Elizabeth Harris is a native Texan who grew up in Ft. Worth and in Pittsburgh, PA. She won the John Simmons Prize, awarded by University of Iowa Press, for her first book, The Ant Generator, a collection of stories praised for their “sense of wonder and comedy” and “acid-etched existentialism.” Those and uncollected stories appeared in Antioch Review, Epoch, Chicago Review, North American Review, Shenandoah, and other magazines, and have been anthologized in New Stories from the South, Best of Wind, The Iowa Award, and Literary Austin. Mayhem: Three Lives of a Woman is her second book. She was a runner up in a previous Gival Press contest with The Look Thief, a contemporary novel; and in a Faulkner Pirate’s Alley competition for an earlier novel. She taught fiction writing and modern literature for a number of years at the University of Texas in Austin, where she and her husband live.

Wednesday, August 12, 2015

 

Mike Zimmerman of NYC Wins the 2015 Gival Press Oscar Wilde Award



Mike Zimmerman of New York, New York has won the 14th Annual Gival Press Oscar Wilde Award for his poem titled Summer Rainstorm. Mike Zimmerman received a cash prize of $100.00 and his poem is posted below. The poem was read and chosen anonymously by last year's winner Gina R. Evers.

Summer Rainstorm

I barely think of myself at fourteen, when, for
a summer, I walked to work trimming Douglas firs
into tender triangles. I recall the smell of wet pine,
the sticky sap, the squeaking shears, the aching pain
in my skinny arms. With a rag, I’d mop the sweat and dirt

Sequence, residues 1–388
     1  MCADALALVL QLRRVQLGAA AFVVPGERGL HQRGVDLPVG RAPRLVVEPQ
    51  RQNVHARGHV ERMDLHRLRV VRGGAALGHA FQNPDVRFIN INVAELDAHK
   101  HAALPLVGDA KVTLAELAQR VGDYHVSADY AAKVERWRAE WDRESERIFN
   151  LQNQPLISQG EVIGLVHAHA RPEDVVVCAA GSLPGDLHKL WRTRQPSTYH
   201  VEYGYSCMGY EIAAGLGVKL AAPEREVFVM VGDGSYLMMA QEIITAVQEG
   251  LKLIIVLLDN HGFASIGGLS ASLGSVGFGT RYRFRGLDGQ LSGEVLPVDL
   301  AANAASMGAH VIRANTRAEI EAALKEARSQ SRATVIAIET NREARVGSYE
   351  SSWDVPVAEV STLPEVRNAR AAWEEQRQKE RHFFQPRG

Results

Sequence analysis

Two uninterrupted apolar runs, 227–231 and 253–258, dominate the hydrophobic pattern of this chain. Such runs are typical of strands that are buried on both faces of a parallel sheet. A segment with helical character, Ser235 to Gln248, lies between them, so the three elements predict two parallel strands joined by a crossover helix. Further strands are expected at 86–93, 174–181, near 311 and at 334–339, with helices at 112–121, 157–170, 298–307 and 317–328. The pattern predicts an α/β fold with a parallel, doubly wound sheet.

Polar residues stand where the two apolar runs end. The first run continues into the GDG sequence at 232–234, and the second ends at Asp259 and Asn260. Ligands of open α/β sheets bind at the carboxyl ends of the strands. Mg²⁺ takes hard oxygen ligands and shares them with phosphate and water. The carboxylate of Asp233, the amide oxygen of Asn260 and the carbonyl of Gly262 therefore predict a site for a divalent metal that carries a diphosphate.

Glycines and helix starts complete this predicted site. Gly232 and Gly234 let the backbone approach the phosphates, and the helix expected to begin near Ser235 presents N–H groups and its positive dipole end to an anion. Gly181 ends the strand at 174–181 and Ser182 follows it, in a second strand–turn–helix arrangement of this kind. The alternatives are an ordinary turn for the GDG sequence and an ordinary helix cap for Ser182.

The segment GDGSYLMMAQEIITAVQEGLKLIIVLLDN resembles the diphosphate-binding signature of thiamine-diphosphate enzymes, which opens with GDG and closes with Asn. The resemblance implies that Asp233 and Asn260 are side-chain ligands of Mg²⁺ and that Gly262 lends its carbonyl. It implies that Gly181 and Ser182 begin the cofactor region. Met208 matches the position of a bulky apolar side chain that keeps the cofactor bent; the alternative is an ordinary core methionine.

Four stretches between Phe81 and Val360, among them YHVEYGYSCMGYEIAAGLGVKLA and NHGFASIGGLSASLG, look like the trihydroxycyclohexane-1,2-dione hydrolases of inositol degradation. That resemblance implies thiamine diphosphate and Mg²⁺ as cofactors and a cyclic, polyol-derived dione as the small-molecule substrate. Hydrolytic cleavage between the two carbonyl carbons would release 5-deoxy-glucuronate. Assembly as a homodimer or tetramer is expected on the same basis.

from my skin then look at the sky. Clouds had begun to dart,
gray to black, then settle up above that day. After work,
though the rain was pounding, to get home, I had to walk.

Slopping through puddles, a ride home from an older
friend was a welcome thing. He found me on the side
of the road, honked twice, grinned. Sitting next to him,
I kept quiet. The car radio was on and he started to hum.
I can’t be the only boy he raped. I barely think of it, said
Nothing about his car’s backseat, his hand on my shoulder.

Copyright © 2015 by Mike Zimmerman.

Biography:
Mike Zimmerman is a writer of short stories and poetry, as well as a high school English teacher in the South Bronx. His previous work has been published in Wilde Magazine, Cutbank, and The Painted Bride. He finds inspiration and ideas from the people and places he loves. Mike lives in New York City with his partner and their cat.


Honorable Mentions:

Bonnie the Butch Cross-dressing Bartender
by Jeff Walt of San Diego, California.

The Mother’s Day
by Beverly Burch of Oakland, California.

Our Beautiful Names
by Dan Vera of Washington, DC.

Risk
by Shetachai Chatchoomsai of Mission Hills, California.